“According to the way the state of North Carolina tests students, it’s one of those glass-half-empty, glass-half-full kind of scenarios,” Cooper said. “If you look at the ABSS data from one perspective, you would say there’s progress particularly in the elementary areas at End-of-Grade scores. The glass-half-empty scenario is that the bar for that is set pretty low. Passing scores are not terrifically high.”

He said the same of the system meeting the federal guidelines through AYP goals.

“The majority of schools are meeting the federal guideline … The majority of ABSS schools are making that AYP status,” Cooper said. “(But) in one sense, you can say, yes, they’re meeting the federal standard mostly, and each year most schools meet that standard. On the other hand you could say, well, is that a standard you really want to aspire to?”

Why the low scores?

According to several members of the ABSS administration, though, the reason test scores have been low in the past is because of a re-norming of EOG tests in recent years.

The math EOG test was re-normed in the 2005-2006 school year, and the reading EOG test was re-normed in the 2007-2008 school year.

When these tests are re-normed, they tend to be made more rigorous, Butler said.

“Any time a test becomes more rigorous or challenging, typically we see a drop in our overall scores,” he said. “It doesn’t mean our students are doing worse, per se, or they didn’t do as well as they did last year, it just means that on this new, more challenging test, the scores are not going to indicate what we saw the year before because this is a different test. You’re comparing apples to oranges.”

The state of North Carolina hopes every school has at least 60 percent of its students pass the EOC and EOG tests and they make progress. If progress occurs, the school has made growth.

John Swajkoski, the principal at Turrentine Middle School, said when the tests were re-normed, he saw a 10-20 percent drop in Turrentine students’ scores.

“Everybody took a major hit,” he said. “So educators understood the fluctuation in test scores, but the general public I don’t think did.”

Last year, Turrentine did not make its AYP goals. It met 28 out of 29 subgroups, but because Turrentine is not a Title One school, it will not be affected by the option to have children attend another school outside their designated district.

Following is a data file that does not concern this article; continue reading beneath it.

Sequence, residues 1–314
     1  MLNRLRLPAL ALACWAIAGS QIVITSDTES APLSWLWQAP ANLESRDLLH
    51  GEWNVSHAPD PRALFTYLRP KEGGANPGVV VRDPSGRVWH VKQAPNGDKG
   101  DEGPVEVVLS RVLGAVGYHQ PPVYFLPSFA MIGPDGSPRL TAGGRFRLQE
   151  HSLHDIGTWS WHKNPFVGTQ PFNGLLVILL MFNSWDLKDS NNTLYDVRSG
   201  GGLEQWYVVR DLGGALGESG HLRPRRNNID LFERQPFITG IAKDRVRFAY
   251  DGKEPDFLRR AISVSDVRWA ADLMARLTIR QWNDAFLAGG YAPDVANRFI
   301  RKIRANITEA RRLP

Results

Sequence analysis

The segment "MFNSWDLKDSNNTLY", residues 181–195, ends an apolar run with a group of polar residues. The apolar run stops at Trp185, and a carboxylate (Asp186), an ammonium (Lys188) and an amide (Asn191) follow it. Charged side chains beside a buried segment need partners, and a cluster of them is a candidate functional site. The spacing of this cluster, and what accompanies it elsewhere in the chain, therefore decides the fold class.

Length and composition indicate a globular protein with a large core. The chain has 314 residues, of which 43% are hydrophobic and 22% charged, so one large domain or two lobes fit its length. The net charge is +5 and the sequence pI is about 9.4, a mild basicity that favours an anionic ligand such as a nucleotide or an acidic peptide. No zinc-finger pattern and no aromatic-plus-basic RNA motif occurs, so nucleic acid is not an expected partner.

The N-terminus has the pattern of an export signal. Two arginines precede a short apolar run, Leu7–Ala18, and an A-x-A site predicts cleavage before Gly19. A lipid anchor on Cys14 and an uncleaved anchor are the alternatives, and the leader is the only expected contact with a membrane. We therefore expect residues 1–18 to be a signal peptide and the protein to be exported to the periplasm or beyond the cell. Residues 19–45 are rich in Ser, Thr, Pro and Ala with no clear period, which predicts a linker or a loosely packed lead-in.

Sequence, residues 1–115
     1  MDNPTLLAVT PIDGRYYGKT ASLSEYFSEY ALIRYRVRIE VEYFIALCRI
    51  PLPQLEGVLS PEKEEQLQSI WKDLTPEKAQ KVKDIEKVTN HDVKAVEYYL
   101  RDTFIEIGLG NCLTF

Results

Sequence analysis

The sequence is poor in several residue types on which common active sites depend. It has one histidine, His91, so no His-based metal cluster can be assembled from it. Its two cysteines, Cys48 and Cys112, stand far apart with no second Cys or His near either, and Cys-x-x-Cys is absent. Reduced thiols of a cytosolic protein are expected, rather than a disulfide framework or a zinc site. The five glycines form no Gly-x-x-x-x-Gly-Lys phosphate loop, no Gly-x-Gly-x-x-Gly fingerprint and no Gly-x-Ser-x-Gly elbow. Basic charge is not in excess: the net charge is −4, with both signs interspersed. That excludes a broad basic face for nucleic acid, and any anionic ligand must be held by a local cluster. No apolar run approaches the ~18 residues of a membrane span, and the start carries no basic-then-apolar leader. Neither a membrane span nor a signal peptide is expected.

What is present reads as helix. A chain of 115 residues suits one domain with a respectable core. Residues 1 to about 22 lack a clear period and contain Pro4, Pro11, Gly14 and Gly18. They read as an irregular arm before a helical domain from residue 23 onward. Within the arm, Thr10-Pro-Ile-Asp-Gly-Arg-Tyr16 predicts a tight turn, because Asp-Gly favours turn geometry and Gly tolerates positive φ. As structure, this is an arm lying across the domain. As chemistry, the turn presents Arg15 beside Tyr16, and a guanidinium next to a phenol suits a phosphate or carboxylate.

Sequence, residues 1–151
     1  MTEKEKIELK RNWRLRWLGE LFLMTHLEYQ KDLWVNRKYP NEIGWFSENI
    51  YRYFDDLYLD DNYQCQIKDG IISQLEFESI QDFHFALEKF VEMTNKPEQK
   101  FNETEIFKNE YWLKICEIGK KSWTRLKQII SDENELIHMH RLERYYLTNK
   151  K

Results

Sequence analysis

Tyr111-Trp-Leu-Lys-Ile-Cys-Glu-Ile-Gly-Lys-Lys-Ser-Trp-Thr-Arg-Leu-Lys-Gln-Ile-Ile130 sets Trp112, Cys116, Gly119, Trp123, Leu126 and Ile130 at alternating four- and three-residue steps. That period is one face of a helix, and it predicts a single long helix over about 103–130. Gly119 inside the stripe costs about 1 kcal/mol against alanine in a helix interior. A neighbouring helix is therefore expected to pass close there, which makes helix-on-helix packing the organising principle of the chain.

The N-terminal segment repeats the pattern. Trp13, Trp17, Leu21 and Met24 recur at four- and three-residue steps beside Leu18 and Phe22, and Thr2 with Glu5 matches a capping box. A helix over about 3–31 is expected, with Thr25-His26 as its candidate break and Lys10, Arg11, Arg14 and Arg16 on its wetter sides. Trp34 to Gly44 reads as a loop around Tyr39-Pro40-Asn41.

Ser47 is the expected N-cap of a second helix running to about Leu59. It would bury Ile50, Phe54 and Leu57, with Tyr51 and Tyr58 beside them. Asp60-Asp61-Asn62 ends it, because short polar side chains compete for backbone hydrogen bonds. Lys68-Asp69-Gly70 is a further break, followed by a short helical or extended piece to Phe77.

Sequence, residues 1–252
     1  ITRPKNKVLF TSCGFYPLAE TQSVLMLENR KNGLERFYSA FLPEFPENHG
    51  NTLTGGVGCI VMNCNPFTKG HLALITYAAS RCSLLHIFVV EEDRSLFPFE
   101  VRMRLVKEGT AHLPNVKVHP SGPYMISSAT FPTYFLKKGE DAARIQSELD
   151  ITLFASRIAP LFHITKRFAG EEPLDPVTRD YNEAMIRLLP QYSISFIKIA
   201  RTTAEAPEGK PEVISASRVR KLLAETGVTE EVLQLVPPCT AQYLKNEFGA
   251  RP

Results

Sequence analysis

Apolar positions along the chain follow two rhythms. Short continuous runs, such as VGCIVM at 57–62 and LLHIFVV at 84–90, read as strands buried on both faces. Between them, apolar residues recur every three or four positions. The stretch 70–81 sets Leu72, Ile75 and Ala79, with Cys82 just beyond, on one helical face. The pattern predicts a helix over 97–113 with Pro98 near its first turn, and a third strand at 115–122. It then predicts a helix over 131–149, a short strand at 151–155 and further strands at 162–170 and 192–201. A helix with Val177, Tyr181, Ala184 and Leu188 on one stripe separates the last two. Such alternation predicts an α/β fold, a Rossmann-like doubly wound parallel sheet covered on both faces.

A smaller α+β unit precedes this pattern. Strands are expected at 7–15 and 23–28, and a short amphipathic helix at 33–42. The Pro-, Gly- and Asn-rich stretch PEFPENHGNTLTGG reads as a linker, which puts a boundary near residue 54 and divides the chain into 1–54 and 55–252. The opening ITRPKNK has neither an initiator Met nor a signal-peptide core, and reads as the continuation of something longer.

“The public would see it as ‘well Turrentine didn’t meet their AYP goals,'” he said. “Well no, we didn’t. But if you were a basketball player and hit 28 out of 29 free throws, that’s pretty doggone good.”
Martha Caulder, principal of Andrews Elementary School in Burlington, said her students’ scores took the same dive.

“We continue to revamp the tests … to fit what the state is expecting of all schools in North Carolina,” she said. “A lot of people don’t like it, but principals and staff alike just have to remember education is constantly changing. This is the standard that has been put before us, and this is what we have to do to meet it.”

Finding a solution

Both the Turrentine and Andrews schools are making strides to combat the EOG test re-norming and are seeing improvement.

“We know that students need to be much more engaged in the lessons,” Swajkoski said. “One of the things Turrentine is trying to do is to focus in on student engagement.”

Turrentine’s most recent approach has been the “Strive for five, be great with eight” initiative.

“If we can raise each individual child’s test scores by five points, we’ll improve in our scores,” he said. “If we raise them by eight points, we’ll have a shot at being a school of distinction, which is our goal.”

Turrentine has also taken advantage of the Literacy First program, in which all ABSS middle schools are participating. In the program, teachers are trained in teaching specific concepts, such as phonics, word skills and word patterns in depth.

Student engagement is the main staple at Andrews, too.

“We’re doing a lot,” Caulder said. “At this school it’s all about making sure the students are growing, the teachers are motivating students and students are engaged.”

One part of the engagement is the Little Leaders program. The program, which is taken advantage of by four ABSS schools including Andrews, provides students with the opportunity to have the same teacher for four years from kindergarten through third grade.

The children attend school on a year-round basis and are able to go on field trips in the community. The program began last summer, and ABSS administration members are eager to see the impact it may have, Caulder said.

Last year, Andrews made all of its 21 AYP targets.

“Your job as a teacher is to make sure students are learning and growing, regardless of the testing umbrella that hangs over everybody’s head,” Caulder said. “You still have to make sure you are coming to school to do the job you were hired to do, which is growing children and being motivators of children.”

Making progress

The elementary and middle schools are not the only ones making strides to improve. In 2006, Cummings High School in Burlington was threatened to be shut down by the state because of the lack of quality.

Lynn Briggs was hired as one of the co-principals for Cummings, and every position, including the janitorial staff, was re-interviewed. Curriculum content coaches were also hired.

“We decided that in order for us to be successful, we had to build a strong, stable staff because the turnover here was unbelievable and the staff was not as strong as it needed to be,” said Briggs, the current principal of Cummings. “We also had to change the culture here because the culture was ‘come to the mall and have a good time.’ Test scores were not what they needed to be.”

Briggs said Cummings changed the culture by setting boundaries and high expectations as well as hiring well-qualified teachers. Since then, the school has made vast improvements, Briggs said.

“The first year, test scores dropped,” Briggs said. “Anytime you change the culture of a school, that’s what happens initially. Every year since then, they’ve shown steady growth.”